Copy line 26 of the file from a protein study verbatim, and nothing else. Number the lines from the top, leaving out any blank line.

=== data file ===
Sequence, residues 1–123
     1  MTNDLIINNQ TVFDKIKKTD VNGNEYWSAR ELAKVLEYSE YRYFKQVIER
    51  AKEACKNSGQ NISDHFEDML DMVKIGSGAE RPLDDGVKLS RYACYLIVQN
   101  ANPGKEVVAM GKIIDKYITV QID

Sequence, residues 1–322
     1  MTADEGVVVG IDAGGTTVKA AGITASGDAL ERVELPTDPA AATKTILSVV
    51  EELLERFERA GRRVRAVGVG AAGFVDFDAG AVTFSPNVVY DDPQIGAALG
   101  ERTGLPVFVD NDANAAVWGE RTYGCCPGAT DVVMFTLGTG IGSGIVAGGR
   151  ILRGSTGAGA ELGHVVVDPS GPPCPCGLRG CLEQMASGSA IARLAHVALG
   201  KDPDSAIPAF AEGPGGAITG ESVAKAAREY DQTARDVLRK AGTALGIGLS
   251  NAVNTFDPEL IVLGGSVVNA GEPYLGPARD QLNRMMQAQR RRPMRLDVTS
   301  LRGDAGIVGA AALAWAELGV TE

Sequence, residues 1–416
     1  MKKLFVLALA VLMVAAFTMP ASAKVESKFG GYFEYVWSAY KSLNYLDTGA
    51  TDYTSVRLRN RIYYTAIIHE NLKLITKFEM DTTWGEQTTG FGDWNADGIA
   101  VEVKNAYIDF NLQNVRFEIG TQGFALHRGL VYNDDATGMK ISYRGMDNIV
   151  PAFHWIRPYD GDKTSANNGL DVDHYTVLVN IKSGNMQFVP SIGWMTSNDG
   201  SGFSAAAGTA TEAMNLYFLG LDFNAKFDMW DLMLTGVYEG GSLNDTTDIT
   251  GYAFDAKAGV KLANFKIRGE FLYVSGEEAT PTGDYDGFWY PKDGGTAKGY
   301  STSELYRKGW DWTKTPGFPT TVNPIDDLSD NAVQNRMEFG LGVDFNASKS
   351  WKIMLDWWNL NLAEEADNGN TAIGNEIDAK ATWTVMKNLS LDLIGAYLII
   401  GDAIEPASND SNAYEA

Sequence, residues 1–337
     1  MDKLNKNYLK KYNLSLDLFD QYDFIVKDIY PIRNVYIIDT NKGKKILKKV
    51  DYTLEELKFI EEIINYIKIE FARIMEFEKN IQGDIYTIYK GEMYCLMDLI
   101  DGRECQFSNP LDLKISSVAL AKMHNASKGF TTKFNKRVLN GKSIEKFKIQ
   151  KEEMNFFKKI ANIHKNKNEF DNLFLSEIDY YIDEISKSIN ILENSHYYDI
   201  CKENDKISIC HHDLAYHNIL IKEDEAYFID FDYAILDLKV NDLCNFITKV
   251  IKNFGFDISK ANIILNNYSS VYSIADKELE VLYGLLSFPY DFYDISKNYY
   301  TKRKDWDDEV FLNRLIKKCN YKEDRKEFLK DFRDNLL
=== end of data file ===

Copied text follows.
   101  DGRECQFSNP LDLKISSVAL AKMHNASKGF TTKFNKRVLN GKSIEKFKIQ